The ground floor features a fibre-optic starry sky beneath which is a children’s playground with PVC hollow balls, glass-fibre cloth, marine plastic balls, artificial stone and floor glue. Mirrored material borders the space, ‘to distort the realism of the place, as if time is not passing’. Rechargeable white light balls are softly lit, so they can be safely played with. ‘We hope to create a place that loses material texture and spatial orientation,’ says Gradient.
Portsoken Pavilion, Aldgate, London
Lighting Design: Aecom
Architect: Make Architects
Sitting within the newly created Aldgate Square (part of the City of London Corporation’s Aldgate highway changes and public realm improvements project) is the Portsoken Pavilion. The pavilion provides a social enterprise cafe and space for events.
Formed by an asymmetrical steel structure with sliding glass walls set between three triangular support points, the pavilion’s walls can be opened up to connect with the surrounding redeveloped garden. This gives it the potential to host meetings, exhibitions and activities such as yoga classes, as well as serving as a gathering place for the local community and the city at large.
Within the structure, the bands of the cladding are mimicked by the soffit with layered, geometric, white-laminate timber panels. These have punched slots to help the acoustics and, when uplit by ceiling-concealed continuous LED strips, provide a glowing effect to the whole building at night.
The ambient illumination and lit effect rely purely on indirect light. ‘The high output and efficacy of the light fittings are key to providing sufficient ambient light to the space with indirect lighting only where the reflected surfaces are limited due to the acoustic perforation,’ says Aecom.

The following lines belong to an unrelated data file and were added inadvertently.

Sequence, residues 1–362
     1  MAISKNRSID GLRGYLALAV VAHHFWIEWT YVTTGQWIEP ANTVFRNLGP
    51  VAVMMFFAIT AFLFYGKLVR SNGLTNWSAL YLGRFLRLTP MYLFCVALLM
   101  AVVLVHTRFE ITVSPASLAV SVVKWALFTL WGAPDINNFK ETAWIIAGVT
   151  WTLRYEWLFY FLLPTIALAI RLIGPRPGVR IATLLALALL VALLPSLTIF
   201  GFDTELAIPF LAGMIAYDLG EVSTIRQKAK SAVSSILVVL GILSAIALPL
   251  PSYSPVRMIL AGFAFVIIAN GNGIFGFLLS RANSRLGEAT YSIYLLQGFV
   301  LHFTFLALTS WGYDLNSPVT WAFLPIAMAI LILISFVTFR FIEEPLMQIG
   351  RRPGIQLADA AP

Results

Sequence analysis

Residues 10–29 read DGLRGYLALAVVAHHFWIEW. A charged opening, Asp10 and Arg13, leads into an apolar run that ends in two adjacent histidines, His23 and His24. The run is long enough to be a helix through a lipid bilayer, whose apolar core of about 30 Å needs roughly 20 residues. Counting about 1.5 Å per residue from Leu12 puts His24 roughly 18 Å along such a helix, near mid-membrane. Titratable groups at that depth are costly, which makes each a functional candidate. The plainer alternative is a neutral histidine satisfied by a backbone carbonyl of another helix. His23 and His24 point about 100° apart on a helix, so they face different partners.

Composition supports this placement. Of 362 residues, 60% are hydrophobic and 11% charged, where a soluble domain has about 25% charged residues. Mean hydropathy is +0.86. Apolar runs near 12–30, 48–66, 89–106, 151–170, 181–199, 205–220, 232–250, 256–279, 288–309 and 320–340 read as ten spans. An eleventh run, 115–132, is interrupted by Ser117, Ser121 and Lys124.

The lighting is fully integrated, responding to the form, geometry and material nature of the cladding. ‘The ethereality of the structure is accentuated at dusk by the concealed lighting,’ adds Aecom. ‘The LED strips wash the feature perforated ceiling with soft light, creating a delicate stepped glowing layer.’
Two large asymmetrical rooflights are located over the central counter to draw natural light into the building. Mini spotlights are placed at the perimeter of the rooflights to create a supplementary focal glow on the counter so that daylight and artificial light are completely blended. ‘As daylight fades, the effect of the interaction between faceted geometry and uplighting element becomes more pronounced, giving the sensation that the entire volume is floating,’ says Aecom. The internal light spill also subtly reveals the shape and form of the entrance overhang, gradually transiting into the well-illuminated and inviting interior, attracting the attention of passers-by. The various lighting elements are divided into groups so that they can be individually controlled to offer different lighting scenes.
NAM Vietnamese restaurant, Kiev, Ukraine
Lighting Design: Expolight
Climbing plants, rattan and fishing motifs form the vernacular interior theme of Vietnamese restaurant NAM. Different colour scales, brightness and light intensity create a range of scenes according to time of day, with a particularly dramatic, high contrast approach for the night-time setting.
Although an entirely different proposition to Expolight’s Normal restaurant (see previous page), the lighting designer has taken a similar approach in keeping the daytime mode neutral, warming the colour/colour temperature in the evening, and at night introducing more red. Spotlighting individual tables is a time-honoured and highly effective technique but particularly appropriate for the Vietnamese tradition where great attention is paid to the serving of dishes. Narrow-beam accent lighting above the centre of the tables forms a light spot three times brighter than the background lighting. The special light fittings were designed in the form of Vietnamese fishing cells. Bi-directional, white light shines down, while a warmer source shines upwards, turning red by evening to create a sensual atmosphere. They also create a textural effect: as they move, the shadows of the rattan nets play on the ceiling. The painted panels on the walls are illuminated by RGB and white spotlights, in constant motion and changing colours. ‘Due to this, the paintings come to life, revealing their depth and dynamism,’ says Expolight.
Jill Entwistle: Editor, writer and author, Jill is the executive editor of Lighting (Illumination in Architecture) and the author of three books on lighting, including Detail in Contemporary Lighting Design (Laurence King)